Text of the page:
When things change too quickly and too many in entrenched power are affected there is a cry for regulation. I believe one of the defining issues of our industry in the coming years will be how far freedom can be pushed on the internet before government tries to control it — the isuue being will they and should they and which side the majority in our industry will fall on, freedom or control? Will new ways of marketing, selling and buying real estate be created by internet companies that dismantle our industry as we know it, for good, and will agents and companies adapt easily and willingly to the changes or will they fight it?

I’ve purposefully avoided any concrete predictions of what the changes might be. We already see some of them, and we’ve talked about the possibilities of others like compensation, representation, super teams, companies adopting buiness 2.0 models, rating systems, licensure, discount brokerages, cafeteria services, do-it-your-selfers, RE site innovations.

The big question is how we will react when it really breaks loose.

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  • 5 comments

    5 Comments so far

    1. Wayne Long April 1st, 2008 9:21 am

      You are right! We are in a state of flux but like you I am not sure where it is headed. I don’t know what the new models will be but I want to be in a position to adapt when they come. Come on – take a shot at what you think the dominant brokerage structure will be. :)

    2. Sean Purcell April 1st, 2008 10:03 am

      Great post Mike (as usual).

      When I was in college most of our studies had this pattern: one large lecture per week delivered by the grand thinker himself, followed by 2-3 classes with fellow students facilitated by the professor or a grad student.

      The lecture was a one way process and usually quite informative. From it I was introduced to new ideas and concepts. But the classes are what I remember. The free exchange of ideas was by far the more educational opportunity. I came away from those years understanding that real learning, a change in the way one thinks or in the process of thinking itself (as opposed to rote memorization) comes from these types of democratic exchanges.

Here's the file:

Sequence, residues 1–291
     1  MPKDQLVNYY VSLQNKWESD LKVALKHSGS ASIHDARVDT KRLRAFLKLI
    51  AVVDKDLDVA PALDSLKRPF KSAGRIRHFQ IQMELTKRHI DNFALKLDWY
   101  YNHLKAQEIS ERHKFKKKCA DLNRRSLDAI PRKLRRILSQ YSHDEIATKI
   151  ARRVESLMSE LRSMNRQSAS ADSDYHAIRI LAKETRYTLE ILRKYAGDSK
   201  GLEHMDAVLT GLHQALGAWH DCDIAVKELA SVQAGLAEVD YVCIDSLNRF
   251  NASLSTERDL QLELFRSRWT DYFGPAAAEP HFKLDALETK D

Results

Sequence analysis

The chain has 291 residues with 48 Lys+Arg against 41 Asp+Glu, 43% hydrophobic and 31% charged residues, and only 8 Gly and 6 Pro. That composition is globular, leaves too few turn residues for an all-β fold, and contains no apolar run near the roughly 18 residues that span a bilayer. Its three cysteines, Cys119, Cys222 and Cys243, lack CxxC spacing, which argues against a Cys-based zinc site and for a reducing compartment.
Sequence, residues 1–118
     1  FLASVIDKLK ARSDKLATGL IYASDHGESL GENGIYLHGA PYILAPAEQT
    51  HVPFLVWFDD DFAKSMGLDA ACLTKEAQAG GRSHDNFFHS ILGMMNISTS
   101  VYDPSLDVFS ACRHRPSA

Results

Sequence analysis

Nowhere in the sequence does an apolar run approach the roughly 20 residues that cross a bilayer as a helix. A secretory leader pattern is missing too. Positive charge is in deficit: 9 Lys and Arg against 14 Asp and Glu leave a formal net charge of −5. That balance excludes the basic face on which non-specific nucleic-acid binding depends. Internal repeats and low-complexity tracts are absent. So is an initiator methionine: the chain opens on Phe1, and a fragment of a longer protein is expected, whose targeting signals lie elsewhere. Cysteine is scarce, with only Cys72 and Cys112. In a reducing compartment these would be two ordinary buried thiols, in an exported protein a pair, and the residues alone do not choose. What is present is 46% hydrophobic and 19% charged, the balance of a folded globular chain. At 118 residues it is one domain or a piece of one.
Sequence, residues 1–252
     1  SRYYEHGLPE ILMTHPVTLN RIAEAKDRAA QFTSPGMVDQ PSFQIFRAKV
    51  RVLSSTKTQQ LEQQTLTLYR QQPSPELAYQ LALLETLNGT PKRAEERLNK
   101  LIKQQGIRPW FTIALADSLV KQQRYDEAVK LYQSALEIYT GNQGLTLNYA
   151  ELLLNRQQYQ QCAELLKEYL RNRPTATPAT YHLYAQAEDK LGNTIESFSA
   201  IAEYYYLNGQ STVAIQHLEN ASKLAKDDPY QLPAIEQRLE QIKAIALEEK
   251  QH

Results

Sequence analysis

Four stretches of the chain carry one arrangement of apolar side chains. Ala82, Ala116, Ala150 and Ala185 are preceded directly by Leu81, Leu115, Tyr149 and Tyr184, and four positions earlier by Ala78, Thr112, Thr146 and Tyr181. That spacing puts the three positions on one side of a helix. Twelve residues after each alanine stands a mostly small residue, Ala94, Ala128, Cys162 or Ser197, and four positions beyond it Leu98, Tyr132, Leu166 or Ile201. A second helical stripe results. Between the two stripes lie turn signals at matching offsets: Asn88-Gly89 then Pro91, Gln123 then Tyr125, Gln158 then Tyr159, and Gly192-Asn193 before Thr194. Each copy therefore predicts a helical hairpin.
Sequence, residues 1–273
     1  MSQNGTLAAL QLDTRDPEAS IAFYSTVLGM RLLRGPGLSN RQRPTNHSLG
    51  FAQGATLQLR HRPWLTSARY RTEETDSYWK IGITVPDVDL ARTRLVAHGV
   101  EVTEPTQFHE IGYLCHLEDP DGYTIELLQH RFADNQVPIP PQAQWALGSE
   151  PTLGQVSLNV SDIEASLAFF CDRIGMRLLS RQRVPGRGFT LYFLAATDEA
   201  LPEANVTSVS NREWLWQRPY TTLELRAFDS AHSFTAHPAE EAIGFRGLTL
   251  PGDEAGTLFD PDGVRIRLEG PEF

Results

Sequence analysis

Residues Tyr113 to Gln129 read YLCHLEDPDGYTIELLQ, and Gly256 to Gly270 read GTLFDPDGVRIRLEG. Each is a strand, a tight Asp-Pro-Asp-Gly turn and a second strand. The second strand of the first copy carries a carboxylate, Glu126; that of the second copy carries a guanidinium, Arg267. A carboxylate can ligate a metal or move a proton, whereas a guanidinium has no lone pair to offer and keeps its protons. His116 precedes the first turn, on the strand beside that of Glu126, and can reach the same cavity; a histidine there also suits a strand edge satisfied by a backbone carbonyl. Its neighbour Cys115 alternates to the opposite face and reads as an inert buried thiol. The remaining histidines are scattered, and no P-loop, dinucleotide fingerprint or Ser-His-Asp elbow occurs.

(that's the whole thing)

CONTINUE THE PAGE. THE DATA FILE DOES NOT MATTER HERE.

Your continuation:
God Bless the Internet.

    3. Mike Farmer April 1st, 2008 11:51 am

      Thanks Wayne and Sean.

      “Come on – take a shot at what you think the dominant brokerage structure will be.”

      Well, Sean and I were going to co-ordinate to draw up the blueprint. I’m still game. If Sean will participate, since he has some great ideas, I’ll start it off on Bonzai.

    4. John Kalinowski April 2nd, 2008 6:48 am

      Mike,

      Where do you see the “typical” large brokerage companies fitting in as things change? I’m part of one now, and I always find it peculiar how the big brokerages pretend to have one set of standards for service, marketing, professionalism, etc. The truth is that each office is actually a conglomeration of hundreds of individual “companies”, since each agent tends to have their own marketing and advertising program, and many different levels of service and professionalism.

      Do you think these big companies will survive in their present form as representation and commissions change, or will the morph into something else? What do you feel is the potential for the smaller, creative brokers, such as Bloodhound and Mike Farmer Realty?

      By the way, what is “Bonzai”? Is that some new cool Real Estate 2.0 site, or am I just an idiot?

      Thanks!

      John

    5. Mike Farmer April 3rd, 2008 3:50 pm

      hey, John, I just saw your response. I believe big brokerages will need to adapt to biz 2.0 just like small companies. The cynical side of me says that if the industry gets worse, big companies will get bigger and partner with RE sites to fulfill their “online” efforts and small companies will disappear and business will go on as usual.

      Bonzai is my industry RE blog (click on the link above) where I write about this stuff — my latest is about what I see as possibilities and what I think needs to happen. Mostly just looking at options to what we have.

      Truthfully, I have no idea what WILL happen.